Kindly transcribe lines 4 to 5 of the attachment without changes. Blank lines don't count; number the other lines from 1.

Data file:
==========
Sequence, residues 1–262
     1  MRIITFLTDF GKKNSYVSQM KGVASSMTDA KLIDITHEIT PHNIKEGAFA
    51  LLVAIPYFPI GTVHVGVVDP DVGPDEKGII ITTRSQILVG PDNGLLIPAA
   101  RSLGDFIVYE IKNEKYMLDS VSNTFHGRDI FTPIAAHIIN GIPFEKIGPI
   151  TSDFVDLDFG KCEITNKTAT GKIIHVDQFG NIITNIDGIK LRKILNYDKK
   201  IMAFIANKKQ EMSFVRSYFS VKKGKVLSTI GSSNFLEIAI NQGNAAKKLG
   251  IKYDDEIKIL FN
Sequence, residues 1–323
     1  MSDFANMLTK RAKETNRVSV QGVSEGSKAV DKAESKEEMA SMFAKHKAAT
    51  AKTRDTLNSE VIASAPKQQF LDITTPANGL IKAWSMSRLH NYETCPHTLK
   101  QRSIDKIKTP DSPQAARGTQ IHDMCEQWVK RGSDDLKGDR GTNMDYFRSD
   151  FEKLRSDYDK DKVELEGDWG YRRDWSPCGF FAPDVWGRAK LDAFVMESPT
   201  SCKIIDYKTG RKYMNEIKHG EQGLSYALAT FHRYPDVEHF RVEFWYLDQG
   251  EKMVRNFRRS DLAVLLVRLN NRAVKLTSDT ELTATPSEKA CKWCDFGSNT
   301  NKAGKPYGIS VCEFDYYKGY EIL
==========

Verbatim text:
   101  RSLGDFIVYE IKNEKYMLDS VSNTFHGRDI FTPIAAHIIN GIPFEKIGPI
   151  TSDFVDLDFG KCEITNKTAT GKIIHVDQFG NIITNIDGIK LRKILNYDKK